- Acerca del Hambre
- Erradicar el Hambre
- Nuestro Impacto
- Cómo Puede Ayudar
By Marlysa Thomas
A record 27.3 million Latinos are projected to be eligible to vote in the 2016 presidential election. And now that the conventions are almost over and Hillary Clinton will officially become her party’s nominee on Thursday, Latinos should gather their strength to ensure that our nation’s next president prioritizes ending hunger and alleviating poverty.
Latinos have a lot of reasons to care about who becomes the next president. Latinos are twice as likely as whites to face food insecurity. Factors that cause this disparity include a higher likelihood of working low-wage and seasonal jobs, of being uninsured, and limited pathways to citizenship. Latino households make almost $18,000 less than white households; more than one million Latinos are seasonal and migrant workers; and one in three Latinos earns less than $25,000 per year to support their family.
In addition, 4.5 million children live in households with an undocumented parent and are twice as likely to live in poverty or hunger because their parents have limited pathways to becoming U.S. citizens. Consequently, many undocumented parents face harsh and low-paying working conditions to provide for the household and often live in fear of becoming separated from their family, leaving children to fend for themselves and vulnerable to experiencing hunger.
The bottom line is that Latinos are more likely to experience hunger and poverty. As presidential candidates seek the support of the Latino community, Latinos should raise these issues and candidates should respond with a commitment to prioritize hunger and poverty. After all, there are 55 million Latinos in the U.S., with over half having the power and authority to vote candidates into office.
Hunger is not a partisan issue. And although Bread for the World does not endorse any candidate or political party, we do believe that both parties and presidential candidates should prioritize hunger and poverty—not only during party conventions or campaigns, but also if and when the candidate is elected.
It is critical for Latinos to push for each candidate to share his/her strategy to end hunger and poverty in the Latino community and commit to prioritizing other issues that exacerbate hunger and poverty for them, including pathways to citizenship, high healthcare costs, and low-wage and seasonal jobs.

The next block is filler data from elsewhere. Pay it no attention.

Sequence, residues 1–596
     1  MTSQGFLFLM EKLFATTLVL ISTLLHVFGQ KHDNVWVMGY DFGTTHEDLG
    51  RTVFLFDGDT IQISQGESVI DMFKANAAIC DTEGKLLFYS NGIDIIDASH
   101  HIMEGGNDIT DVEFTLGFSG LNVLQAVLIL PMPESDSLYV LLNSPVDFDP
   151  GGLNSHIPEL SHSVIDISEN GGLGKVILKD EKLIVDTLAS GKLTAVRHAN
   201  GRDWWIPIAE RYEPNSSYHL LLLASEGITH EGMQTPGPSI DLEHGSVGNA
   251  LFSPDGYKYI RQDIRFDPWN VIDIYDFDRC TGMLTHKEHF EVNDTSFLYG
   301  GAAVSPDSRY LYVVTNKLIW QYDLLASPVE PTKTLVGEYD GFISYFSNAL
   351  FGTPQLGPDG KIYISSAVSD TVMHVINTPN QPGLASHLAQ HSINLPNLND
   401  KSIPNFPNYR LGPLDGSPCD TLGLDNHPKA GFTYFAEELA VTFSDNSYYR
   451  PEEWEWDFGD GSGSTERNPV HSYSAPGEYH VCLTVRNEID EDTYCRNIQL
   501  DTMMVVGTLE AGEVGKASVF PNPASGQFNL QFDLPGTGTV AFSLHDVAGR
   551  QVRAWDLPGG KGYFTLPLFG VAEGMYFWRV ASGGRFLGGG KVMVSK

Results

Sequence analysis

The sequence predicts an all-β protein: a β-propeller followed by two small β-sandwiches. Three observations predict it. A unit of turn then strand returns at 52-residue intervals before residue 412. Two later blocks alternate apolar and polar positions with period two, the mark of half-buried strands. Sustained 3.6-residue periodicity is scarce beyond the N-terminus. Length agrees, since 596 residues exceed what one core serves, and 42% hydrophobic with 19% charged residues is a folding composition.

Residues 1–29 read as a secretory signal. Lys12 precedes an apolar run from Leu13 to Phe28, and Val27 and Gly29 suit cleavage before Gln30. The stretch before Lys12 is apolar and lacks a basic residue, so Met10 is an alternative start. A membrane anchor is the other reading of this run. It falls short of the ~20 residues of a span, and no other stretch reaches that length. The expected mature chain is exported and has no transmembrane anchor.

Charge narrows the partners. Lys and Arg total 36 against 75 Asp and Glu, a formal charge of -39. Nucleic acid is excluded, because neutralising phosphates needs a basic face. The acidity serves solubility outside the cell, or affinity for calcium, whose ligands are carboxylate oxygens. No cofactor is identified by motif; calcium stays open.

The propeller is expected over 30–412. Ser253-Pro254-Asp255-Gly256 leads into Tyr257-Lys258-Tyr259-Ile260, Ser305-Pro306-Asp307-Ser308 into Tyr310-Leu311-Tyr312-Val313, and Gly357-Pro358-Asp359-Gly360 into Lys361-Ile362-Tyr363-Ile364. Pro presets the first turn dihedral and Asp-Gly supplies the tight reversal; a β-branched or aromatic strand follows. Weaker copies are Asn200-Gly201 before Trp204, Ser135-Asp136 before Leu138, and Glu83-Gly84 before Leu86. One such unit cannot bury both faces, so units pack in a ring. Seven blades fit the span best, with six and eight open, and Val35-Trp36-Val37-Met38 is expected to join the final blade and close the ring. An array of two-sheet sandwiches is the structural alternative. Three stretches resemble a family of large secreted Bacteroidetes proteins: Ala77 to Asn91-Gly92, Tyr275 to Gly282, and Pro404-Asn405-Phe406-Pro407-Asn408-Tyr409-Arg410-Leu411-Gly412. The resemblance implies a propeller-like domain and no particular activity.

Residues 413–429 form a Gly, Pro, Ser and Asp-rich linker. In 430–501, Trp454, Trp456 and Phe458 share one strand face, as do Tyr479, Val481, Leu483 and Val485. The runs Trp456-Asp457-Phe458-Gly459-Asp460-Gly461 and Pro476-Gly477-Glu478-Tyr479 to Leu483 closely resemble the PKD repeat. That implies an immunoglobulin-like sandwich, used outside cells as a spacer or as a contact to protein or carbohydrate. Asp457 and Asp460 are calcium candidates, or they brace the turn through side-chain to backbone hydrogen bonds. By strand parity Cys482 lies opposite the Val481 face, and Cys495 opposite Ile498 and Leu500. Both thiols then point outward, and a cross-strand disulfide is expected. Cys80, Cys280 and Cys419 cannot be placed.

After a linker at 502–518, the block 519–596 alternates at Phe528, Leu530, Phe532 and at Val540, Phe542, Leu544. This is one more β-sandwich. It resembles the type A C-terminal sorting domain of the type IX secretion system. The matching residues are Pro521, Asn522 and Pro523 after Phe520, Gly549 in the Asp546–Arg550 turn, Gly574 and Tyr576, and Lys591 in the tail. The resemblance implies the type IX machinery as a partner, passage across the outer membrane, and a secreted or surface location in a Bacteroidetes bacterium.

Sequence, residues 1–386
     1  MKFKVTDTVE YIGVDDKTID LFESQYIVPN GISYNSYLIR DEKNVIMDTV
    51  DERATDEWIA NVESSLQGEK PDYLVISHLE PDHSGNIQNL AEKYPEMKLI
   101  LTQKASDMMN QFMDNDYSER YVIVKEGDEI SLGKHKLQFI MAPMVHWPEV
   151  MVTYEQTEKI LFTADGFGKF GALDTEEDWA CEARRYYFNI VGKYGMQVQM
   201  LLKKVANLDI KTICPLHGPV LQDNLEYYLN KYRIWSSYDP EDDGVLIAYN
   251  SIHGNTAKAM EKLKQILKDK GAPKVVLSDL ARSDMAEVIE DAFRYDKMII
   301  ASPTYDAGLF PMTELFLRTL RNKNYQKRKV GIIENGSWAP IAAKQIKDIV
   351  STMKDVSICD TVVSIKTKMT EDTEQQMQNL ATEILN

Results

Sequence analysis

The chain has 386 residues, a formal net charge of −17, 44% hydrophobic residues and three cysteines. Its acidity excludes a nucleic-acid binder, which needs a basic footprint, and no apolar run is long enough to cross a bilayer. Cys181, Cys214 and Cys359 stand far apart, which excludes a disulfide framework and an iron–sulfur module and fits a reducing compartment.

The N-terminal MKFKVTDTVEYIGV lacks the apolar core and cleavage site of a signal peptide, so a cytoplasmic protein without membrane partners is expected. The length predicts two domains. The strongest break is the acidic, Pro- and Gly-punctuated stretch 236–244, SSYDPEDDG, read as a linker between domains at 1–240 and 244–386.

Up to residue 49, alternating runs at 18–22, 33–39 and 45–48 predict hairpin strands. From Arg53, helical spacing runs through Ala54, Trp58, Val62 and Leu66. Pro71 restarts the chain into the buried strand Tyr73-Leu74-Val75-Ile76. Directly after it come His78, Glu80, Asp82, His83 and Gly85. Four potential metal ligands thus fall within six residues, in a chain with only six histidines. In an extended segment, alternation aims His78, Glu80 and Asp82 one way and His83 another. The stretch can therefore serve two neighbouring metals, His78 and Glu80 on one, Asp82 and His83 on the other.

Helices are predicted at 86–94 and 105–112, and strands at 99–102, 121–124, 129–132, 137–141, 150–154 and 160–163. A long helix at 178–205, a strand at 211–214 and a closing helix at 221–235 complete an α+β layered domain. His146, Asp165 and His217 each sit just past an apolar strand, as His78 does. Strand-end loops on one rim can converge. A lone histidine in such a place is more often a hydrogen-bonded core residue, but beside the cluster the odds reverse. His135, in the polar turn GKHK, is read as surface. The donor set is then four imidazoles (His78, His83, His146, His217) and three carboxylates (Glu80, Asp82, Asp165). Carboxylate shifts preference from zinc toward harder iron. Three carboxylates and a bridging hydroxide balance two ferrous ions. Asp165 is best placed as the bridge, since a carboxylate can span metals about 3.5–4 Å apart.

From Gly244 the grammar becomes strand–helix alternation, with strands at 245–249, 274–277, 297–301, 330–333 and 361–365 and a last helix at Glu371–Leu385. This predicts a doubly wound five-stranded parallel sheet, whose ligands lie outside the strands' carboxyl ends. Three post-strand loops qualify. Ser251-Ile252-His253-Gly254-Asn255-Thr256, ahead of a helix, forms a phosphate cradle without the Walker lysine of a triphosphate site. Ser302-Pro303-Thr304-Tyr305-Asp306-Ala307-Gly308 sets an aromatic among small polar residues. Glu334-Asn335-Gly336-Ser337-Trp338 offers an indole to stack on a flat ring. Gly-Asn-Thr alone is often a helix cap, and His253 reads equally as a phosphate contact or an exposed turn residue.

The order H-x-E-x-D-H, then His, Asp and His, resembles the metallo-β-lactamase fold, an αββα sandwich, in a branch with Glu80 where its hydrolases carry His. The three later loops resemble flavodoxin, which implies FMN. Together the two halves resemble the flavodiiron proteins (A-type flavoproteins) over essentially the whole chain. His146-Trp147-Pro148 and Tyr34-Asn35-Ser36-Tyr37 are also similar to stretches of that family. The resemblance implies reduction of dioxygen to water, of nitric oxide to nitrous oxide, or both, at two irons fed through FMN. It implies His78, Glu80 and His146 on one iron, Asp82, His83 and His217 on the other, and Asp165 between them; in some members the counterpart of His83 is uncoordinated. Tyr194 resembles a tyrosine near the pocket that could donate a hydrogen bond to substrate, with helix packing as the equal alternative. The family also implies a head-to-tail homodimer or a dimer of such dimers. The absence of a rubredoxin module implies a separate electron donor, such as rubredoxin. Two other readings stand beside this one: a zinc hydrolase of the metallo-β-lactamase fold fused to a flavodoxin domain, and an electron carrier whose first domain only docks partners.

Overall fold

And lastly, Latinos should not only register to vote, but commit to coming out to vote on Election Day, November 8. We have seen a recent decrease in voter participation, and some predict lower voter participation in our upcoming elections.
Latinos, especially millennials, should not sit this election out. Nearly a third of eligible voters on election day will be a racial or ethnic minority, which means Latinos have a real chance to make a significant impact on the outcome of the presidential election.
Marlysa Thomas is the domestic advisor for policy and programs for specific populations at Bread for the World Institute.
Latinos have a lot of reasons to care about who becomes the next president.
Afghanistan would be considered likely to have high rates of hunger because at least two of the major causes of global hunger affect it—armed conflict and fragile governmental institutions.
Malnutrition is responsible for nearly half of all preventable deaths among children under 5. Every year, the world loses hundreds of thousands of young children and babies to hunger-related causes.
Bread for the World is calling on the Biden-Harris administration and Congress to build a better 1,000-Days infrastructure in the United States.
“As you therefore have received Christ Jesus the Lord, continue to live your lives in him, rooted and built up in him and established in faith.” These words from Colossians 2:6 remind us of the faith that is active in love for our neighbors.
The Bible on...
The Supplemental Nutrition Assistance Program (SNAP) is designed to respond to changes in need, making it well suited to respond to crises such as the COVID-19 pandemic.
Bread for the World and its partners are asking Congress to provide $200 million for global nutrition.
In 2017, 11.8 percent of households in the U.S.—40 million people—were food-insecure, meaning that they were unsure at some point during the year about how they would provide for their next meal.